I think the Arizona law has the potential of being applied in a discriminatory fashion. Now, after it was initially passed, the Arizona legislature amended it and said that this should not be carried out in a discriminatory way. But I think a fair reading of the language of the statute indicates that it gives the possibility of individuals who are deemed suspicious of being illegal immigrants from being harassed or arrested. And the judgments that are going to be made in applying this law are troublesome.
At the same time, Obama is pushing financial reform and in that reform is the ability for the federal government to take over any financial institution that they deem on the verge of failure and a "systemic risk".
Under the new law, the government would be able seize the wobbly firm, fire its executives, and fund its operations until it could sell them off in pieces. The proceeds from these sales would pay the government back; whatever was left would go to bondholders, who would presumably suffer some losses. The shareholders—the people who own common stock—would get wiped out entirely. (If the proceeds weren’t enough to repay the government, it would recoup the rest by levying a fee on the industry.) This is basically a scaled up (and stretched out) version of the way the FDIC handles smaller-bank failures.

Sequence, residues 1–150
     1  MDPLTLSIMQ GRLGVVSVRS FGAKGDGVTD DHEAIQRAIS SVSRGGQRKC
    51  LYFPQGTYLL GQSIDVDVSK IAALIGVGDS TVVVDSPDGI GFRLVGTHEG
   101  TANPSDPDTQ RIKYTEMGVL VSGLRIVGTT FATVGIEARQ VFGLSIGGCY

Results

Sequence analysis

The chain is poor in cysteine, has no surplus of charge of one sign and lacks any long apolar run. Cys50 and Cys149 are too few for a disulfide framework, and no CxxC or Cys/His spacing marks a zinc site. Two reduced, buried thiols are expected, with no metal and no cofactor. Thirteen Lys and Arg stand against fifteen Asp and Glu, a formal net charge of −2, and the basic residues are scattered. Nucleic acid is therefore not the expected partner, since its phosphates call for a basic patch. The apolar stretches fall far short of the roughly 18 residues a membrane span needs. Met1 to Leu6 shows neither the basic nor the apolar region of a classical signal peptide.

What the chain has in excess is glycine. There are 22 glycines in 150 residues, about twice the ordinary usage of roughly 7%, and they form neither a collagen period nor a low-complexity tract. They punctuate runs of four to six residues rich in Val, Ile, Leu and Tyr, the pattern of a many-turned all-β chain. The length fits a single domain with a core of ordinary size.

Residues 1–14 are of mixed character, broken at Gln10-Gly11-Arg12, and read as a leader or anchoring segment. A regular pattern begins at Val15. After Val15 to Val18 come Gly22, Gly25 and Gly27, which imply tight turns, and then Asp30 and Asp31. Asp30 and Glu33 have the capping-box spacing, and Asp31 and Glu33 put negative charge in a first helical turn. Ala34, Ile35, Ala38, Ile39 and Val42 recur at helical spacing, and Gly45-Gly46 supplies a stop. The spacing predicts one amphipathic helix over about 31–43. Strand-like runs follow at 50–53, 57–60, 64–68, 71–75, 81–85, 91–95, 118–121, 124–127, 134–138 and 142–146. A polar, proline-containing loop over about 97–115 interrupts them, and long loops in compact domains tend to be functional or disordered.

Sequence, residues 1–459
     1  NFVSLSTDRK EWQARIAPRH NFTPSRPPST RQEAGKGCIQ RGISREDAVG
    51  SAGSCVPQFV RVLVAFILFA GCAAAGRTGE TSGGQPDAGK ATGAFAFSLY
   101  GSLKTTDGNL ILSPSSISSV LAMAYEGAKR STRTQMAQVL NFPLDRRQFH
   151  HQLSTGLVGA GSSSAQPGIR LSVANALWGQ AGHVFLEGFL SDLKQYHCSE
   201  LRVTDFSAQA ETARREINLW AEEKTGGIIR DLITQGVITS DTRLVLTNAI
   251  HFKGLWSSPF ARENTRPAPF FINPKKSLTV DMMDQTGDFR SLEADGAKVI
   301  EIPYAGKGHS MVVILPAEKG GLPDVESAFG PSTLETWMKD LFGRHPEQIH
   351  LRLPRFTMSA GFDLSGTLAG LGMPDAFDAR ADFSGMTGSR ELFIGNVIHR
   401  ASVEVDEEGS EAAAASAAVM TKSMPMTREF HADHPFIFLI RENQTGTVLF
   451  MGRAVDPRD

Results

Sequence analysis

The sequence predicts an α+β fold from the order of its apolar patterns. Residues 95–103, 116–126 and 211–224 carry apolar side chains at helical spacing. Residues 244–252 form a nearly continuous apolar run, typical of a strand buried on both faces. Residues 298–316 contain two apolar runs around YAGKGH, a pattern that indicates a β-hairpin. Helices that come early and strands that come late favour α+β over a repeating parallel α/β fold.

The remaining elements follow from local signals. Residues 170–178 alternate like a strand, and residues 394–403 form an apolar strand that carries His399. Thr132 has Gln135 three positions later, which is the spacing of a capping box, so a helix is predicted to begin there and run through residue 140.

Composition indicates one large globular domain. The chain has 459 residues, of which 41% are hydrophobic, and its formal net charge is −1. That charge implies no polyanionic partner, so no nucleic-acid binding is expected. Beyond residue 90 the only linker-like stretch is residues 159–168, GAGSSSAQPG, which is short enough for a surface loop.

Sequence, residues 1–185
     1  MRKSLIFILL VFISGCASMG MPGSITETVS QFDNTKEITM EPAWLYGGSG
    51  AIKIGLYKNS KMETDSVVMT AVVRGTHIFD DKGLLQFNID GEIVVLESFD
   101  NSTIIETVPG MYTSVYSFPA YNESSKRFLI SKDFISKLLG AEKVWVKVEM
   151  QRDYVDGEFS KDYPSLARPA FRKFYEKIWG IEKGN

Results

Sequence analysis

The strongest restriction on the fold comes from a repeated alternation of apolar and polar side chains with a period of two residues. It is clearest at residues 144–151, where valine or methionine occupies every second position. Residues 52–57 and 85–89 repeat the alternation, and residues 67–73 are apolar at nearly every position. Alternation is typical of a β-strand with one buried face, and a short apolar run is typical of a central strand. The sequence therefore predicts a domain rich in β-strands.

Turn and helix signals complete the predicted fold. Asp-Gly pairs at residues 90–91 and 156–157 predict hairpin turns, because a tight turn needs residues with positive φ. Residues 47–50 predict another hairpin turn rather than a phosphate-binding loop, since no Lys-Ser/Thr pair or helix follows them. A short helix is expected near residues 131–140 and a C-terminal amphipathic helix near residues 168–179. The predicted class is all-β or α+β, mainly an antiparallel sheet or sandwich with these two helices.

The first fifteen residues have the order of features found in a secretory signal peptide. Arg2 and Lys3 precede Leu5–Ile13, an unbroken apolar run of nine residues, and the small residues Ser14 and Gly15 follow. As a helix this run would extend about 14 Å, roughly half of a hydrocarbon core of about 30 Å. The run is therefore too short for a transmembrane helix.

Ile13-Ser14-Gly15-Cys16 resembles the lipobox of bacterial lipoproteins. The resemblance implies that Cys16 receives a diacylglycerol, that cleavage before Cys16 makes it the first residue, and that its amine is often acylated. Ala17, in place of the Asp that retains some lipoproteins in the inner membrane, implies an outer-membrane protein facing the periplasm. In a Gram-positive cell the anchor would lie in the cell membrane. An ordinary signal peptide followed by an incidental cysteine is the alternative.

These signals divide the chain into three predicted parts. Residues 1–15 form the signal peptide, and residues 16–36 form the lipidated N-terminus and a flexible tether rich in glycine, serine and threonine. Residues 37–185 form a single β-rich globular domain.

First, every law has the potential for abuse and discrimination. Second, the standard "reasonable suspicion" has been part of case law for years. Meanwhile, systemic risk is a relatively new concept and it will be applied entirely by the federal government. So, isn't this law open to just as much abuse and discrimination as the Arizona law?
After all, what's to stop the Obama administration from liquidating a financial firm simply because that firm contributed to Republicans? There's little since "systemic risk" is a vague term to be applied by the Treasury Department. Here's how Dick Morris described the potential for abuse.
The bill authorizes the secretary of the Treasury — a political appointee — to seize any financial company (bank or nonbank) simply because, in his opinion, it is too big to fail and in danger of insolvency.
This power can be used for political retribution, pressure for campaign funding, or any other abuse bureaucratic whim or partisan politics can conceive. It is a power Fidel Castro or Hugo Chavez would love to have!
Yet, Obama has used every opportunity possible to sound the alarm about the potential abuse of the Arizona law. Meanwhile, not once has Obama even considered the possibility that the sweeping financial reform bill will lead to the same kind of abuse.